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Slavery Capitalism And Politics In The Antebellum Republic Volume 2 The Coming Of The Civil War 1850 1861

Author: John Ashworth
Publisher: Cambridge University Press
ISBN: 0521885922
Size: 34.73 MB
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This book asks why the United States experienced a civil war in 1861 and analyses the descent into war in the final decade of peace. The book systematically surveys southern extremists, Republicans, Democrats, Whigs, temperance advocates and Know Nothings. It advances a new and unique explanation of the origins of the Civil War, the most important event in the history of the most powerful country in the world.

Apostle Of Union

Author: Matthew Mason
Publisher: UNC Press Books
ISBN: 1469628619
Size: 77.97 MB
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Known today as "the other speaker at Gettysburg," Edward Everett had a distinguished and illustrative career at every level of American politics from the 1820s through the Civil War. In this new biography, Matthew Mason argues that Everett's extraordinarily well-documented career reveals a complex man whose shifting political opinions, especially on the topic of slavery, illuminate the nuances of Northern Unionism. In the case of Everett--who once pledged to march south to aid slaveholders in putting down slave insurrections--Mason explores just how complex the question of slavery was for most Northerners, who considered slavery within a larger context of competing priorities that alternately furthered or hindered antislavery actions. By charting Everett's changing stance toward slavery over time, Mason sheds new light on antebellum conservative politics, the complexities of slavery and its related issues for reform-minded Americans, and the ways in which secession turned into civil war. As Mason demonstrates, Everett's political and cultural efforts to preserve the Union, and the response to his work from citizens and politicians, help us see the coming of the Civil War as a three-sided, not just two-sided, contest.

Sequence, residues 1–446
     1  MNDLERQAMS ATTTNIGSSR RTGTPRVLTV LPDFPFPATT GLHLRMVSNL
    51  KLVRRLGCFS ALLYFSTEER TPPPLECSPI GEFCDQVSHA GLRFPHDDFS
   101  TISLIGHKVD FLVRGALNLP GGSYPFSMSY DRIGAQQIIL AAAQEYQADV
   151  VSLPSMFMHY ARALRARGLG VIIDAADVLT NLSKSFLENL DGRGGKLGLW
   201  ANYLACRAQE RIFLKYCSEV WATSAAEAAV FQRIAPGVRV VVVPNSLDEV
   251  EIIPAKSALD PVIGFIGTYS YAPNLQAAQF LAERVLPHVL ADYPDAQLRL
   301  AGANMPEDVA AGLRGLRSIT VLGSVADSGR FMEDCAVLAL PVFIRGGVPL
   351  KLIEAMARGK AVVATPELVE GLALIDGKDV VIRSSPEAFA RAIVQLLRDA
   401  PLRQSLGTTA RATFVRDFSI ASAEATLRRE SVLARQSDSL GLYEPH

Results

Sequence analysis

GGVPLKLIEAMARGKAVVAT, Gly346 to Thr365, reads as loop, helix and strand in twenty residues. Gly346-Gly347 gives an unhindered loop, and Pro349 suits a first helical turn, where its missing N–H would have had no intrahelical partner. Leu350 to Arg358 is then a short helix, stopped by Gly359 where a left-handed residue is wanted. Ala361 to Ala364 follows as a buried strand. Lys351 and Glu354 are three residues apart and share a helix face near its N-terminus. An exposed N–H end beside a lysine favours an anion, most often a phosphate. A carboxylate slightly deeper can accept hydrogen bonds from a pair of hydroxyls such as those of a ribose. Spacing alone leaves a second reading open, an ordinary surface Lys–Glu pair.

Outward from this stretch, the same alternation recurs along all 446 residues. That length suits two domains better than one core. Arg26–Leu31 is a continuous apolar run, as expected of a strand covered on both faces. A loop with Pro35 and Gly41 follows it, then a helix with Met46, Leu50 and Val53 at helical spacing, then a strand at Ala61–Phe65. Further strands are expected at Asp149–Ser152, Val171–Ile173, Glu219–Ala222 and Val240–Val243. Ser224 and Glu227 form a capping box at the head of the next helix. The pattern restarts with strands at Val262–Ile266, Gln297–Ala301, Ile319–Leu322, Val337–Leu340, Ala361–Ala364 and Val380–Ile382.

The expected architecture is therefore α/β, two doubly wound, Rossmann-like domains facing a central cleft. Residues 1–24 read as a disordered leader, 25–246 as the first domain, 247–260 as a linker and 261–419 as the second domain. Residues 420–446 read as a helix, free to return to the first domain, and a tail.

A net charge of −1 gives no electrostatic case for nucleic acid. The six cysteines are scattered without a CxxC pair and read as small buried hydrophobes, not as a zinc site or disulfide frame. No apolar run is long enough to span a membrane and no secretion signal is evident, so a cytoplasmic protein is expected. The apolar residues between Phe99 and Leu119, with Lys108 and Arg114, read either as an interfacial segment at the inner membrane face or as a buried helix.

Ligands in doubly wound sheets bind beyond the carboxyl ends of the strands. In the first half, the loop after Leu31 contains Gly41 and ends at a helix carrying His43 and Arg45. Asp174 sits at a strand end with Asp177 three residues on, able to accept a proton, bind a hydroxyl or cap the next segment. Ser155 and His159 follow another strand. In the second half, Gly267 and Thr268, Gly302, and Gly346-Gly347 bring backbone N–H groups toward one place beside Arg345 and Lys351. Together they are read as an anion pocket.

Understanding Civil Wars

Author: Edward Newman
Publisher: Routledge
ISBN: 1134715358
Size: 53.88 MB
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This volume explores the nature of civil war in the modern world and in historical perspective. Civil wars represent the principal form of armed conflict since the end of the Second World War, and certainly in the contemporary era. The nature and impact of civil wars suggests that these conflicts reflect and are also a driving force for major societal change. In this sense, Understanding Civil Wars: Continuity and change in intrastate conflict argues that the nature of civil war is not fundamentally changing in nature. The book includes a thorough consideration of patterns and types of intrastate conflict and debates relating to the causes, impact, and ‘changing nature’ of war. A key focus is on the political and social driving forces of such conflict and its societal meanings, significance and consequences. The author also explores methodological and epistemological challenges related to studying and understanding intrastate war. A range of questions and debates are addressed. What is the current knowledge regarding the causes and nature of armed intrastate conflict? Is it possible to produce general, cross-national theories on civil war which have broad explanatory relevance? Is the concept of ‘civil wars’ empirically meaningful in an era of globalization and transnational war? Has intrastate conflict fundamentally changed in nature? Are there historical patterns in different types of intrastate conflict? What are the most interesting methodological trends and debates in the study of armed intrastate conflict? How are narratives about the causes and nature of civil wars constructed around ideas such as ethnic conflict, separatist conflict and resource conflict? This book will be of much interest to students of civil wars, intrastate conflict, security studies and international relations in general.

The American Road To Capitalism

Author: Charles Post
Publisher: BRILL
ISBN: 9004201041
Size: 70.67 MB